• Text-to-speech capability
    • Fine-grain, word-level navigation
    • Extendable to "intelligent reading system"
    • DTBook file centric

From the viewpoint of MathML support, we now have three types of players

  • MathML-unaware - Of course, all current players are MathML-unaware.
    • Audio Only
      • All Current DAISY/NISO 2005 players will play MathML-extended DTBs
      • SMIL file is essentially unchanged
      • Math rendered via recorded audio
    • Text capable
      • Current players WILL NOT render MathML properly
      • MathML-extended DTBs contain new tags in DTBook file
      • Current players must be updated to recognize MathML-extended DTBs
  • Basic MathML Player
  • Advanced MathML Player

All MathML-aware players must recognize the math tag in the DTBook file. However, player support for MathML can vary greatly. We recognize two major categories.

  • Basic MathML player
    • Does not incorporated native understanding of MathML structure and semantics
    • Relies on fallbacks to provide an alternate rendering to the user
    • Math displayed as static image
    • Math read as static text
  • Advanced MathML player
    • Native understanding of MathML structures and semantics
    • Able to render and navigate within the MathML content intelligently
    • Math image created dynamically
    • Reader able to adjust how math is read
  • Easy to implement for player manufacturers
  • Simple for player system
    • Doesn't require fast computer
    • Doesn't require much memory
  • Math image and text produced when book is authored
  • Similar in presentation to current players
  • Math image is static and cannot be changed by Reader
    • Jaggy when zoomed
    • Doesn't change colors
  • Reader cannot navigate to individual parts of math, since it is one unified image
  • Math text is static and cannot be adapted to Reader's preferences
  • Many of the same disadvantages we have now
  • Math image produced when book is played
    • Image zooms smoothly
    • Image colors properly
  • Math text produced when book is played, can be customized to Reader's preferences such as wording and language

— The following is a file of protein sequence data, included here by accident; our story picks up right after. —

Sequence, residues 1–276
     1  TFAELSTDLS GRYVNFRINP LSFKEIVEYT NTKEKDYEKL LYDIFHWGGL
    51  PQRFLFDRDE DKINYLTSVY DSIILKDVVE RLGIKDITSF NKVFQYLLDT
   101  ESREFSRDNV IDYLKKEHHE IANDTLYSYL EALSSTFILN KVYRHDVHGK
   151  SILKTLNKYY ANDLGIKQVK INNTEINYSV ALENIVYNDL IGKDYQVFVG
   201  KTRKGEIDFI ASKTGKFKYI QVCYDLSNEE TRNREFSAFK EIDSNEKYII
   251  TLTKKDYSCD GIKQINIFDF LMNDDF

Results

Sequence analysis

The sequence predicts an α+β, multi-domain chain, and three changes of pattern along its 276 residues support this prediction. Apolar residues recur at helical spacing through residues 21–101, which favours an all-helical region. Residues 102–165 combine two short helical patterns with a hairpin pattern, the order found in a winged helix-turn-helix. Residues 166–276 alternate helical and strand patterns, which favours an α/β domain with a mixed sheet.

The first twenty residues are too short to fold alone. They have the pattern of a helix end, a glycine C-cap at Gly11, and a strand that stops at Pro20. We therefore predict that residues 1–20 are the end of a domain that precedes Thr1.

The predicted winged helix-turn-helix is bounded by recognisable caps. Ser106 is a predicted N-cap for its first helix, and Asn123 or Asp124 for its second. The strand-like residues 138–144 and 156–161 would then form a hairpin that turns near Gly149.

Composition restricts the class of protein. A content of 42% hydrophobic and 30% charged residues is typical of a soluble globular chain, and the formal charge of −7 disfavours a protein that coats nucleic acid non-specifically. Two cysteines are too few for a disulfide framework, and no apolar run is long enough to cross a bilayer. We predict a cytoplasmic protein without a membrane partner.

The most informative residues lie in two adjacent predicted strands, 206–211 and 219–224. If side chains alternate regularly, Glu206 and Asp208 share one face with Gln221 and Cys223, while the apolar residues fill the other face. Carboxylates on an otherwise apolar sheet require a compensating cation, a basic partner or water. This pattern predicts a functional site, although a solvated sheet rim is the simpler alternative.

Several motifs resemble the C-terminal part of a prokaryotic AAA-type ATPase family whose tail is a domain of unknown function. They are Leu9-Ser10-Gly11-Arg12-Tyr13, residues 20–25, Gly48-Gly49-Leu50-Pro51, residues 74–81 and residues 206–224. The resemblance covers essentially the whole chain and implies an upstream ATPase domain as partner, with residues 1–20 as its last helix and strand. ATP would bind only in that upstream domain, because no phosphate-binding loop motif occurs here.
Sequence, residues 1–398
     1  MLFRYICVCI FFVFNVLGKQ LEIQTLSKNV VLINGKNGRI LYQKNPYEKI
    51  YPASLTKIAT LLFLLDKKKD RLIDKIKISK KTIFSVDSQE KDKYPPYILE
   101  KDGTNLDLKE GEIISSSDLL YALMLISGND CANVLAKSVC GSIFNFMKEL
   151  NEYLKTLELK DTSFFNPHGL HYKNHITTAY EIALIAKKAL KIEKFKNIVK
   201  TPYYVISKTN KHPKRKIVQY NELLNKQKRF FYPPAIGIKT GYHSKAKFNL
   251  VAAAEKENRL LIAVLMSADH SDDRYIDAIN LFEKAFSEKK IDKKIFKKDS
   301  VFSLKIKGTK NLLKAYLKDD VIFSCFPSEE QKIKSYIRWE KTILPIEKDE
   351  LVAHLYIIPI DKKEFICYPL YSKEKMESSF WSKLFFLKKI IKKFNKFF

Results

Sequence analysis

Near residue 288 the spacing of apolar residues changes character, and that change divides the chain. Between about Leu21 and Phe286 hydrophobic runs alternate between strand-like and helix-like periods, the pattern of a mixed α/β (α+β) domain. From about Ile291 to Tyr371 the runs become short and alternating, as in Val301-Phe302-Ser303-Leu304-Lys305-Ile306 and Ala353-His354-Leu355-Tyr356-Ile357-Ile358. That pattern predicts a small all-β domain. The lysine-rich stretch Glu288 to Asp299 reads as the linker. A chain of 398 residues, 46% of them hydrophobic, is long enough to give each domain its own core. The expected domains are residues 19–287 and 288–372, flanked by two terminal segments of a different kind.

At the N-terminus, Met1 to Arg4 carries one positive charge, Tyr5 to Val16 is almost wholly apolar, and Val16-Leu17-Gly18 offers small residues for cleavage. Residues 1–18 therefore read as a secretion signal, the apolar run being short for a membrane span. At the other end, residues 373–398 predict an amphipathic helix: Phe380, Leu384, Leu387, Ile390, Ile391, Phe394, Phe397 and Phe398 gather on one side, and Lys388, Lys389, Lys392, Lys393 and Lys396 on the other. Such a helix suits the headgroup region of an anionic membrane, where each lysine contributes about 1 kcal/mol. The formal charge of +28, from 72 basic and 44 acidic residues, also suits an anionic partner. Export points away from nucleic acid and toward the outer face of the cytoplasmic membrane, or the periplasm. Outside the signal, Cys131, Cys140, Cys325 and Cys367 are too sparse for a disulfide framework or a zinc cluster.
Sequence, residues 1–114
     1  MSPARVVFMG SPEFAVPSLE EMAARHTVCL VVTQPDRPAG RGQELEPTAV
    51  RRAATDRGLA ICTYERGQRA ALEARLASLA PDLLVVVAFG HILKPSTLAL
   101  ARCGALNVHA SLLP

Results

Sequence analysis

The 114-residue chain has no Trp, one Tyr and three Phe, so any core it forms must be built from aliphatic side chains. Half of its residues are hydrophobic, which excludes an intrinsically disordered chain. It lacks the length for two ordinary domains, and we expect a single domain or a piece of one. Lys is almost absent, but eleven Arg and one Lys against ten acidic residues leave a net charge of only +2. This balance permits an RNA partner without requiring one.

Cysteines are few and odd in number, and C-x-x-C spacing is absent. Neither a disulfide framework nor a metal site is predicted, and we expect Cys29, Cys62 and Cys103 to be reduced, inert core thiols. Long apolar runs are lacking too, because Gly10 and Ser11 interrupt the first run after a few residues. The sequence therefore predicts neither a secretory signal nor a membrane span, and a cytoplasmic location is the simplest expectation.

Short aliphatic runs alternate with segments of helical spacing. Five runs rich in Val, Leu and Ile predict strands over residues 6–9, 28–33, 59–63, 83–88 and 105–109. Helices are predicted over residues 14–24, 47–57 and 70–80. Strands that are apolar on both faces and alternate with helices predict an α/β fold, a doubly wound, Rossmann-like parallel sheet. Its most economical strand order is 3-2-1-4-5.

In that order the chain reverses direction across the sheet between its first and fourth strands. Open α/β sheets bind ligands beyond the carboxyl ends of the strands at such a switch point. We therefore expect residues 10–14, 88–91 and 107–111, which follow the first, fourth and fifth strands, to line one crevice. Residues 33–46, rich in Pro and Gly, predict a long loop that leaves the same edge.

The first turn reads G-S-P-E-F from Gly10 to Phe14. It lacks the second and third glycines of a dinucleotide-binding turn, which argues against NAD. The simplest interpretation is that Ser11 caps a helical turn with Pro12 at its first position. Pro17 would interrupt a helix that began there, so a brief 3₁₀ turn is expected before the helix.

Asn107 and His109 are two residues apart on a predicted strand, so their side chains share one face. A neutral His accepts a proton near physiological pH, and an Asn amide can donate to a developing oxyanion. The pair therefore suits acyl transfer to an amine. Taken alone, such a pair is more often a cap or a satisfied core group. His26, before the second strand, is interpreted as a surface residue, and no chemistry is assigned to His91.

• Preserves individual parts of math, permiting fine-grain navigation
  • Highly adaptable to Reader's preferences, supports "dynamic overview"
  • More difficult for player manufacturer to implement
  • More processing required by player system
    • More processor resources - speed and memory
    • Additional software to recognize MathML
  • May be more difficult to use for beginning math students

The gh PLAYER is a full-featured software DAISY player. Here is a demonstration of the upcoming version 2.2, which incorporates MathML recognition. Note that this is a pre-beta version.

  • Basic MathML mode - completely implemented
  • Advanced MathML mode - partial implementation

The MathML Extension supports a wide range of player behaviors. This provides a choice of price/performance to the Reader.

  • As newer players expanded their capabilities, the same MathML-extended DTB provide a richer Reader experience.
  • MathML-extended DTBs will retain their value to publishers
  • MathML-extended DTBs will retain their value to Readers

MathML for everybody is better, but it is essential for persons with print disabilities. What can you do to bring this about?

  • Demand that all legislation require MathML markup in the files used for accessibility.
  • Demand that the DSS office makes MathML content available in your books.
  • Demand from organizations that provide accessible books to use MathML in their DAISY books.
  • Demand support for MathML in authoring tools that you purchase.
  • Demand intelligent reading of MathML in the software you purchase.

Build the darn book with true MathML!

This page was last edited by DAISY1 on Tuesday, October 12, 2010 10:24
Text is available under the terms of the DAISY Consortium Intellectual Property Policy, Licensing, and Working Group Process.


This content is an older presentation. Another format is the article (Word & DAISY format) linked from the MathML project overview ( that could perhaps be moved to DAISYpedia. He (quote) says its copyrighted under Creative Commons "share alike" ... ? Introduction to MathML in DAISY in 10 Small Chapters by Michael Zacherle

Yes, the MathML in DAISY in 10 Small Chapters by Michael Zacherle should be moved to DAISYpedia, its 10 chapters can form different articles. MathML page can then link to DAISYpedia instead of providing a download link. I guess if it can be provided from the MathML area, there is no license issue in publishing it on DAISYpedia which is just another part of the DAISY website.

Title changed from "DAISY: Adding Math to Digital Talking Books" to "Presentation: Adding Math to Digital Talking Books". I think this makes it clear that the content was a presentation and could be adapted for further use as updated presentation. Date of 2007 added to Original Author(s) field.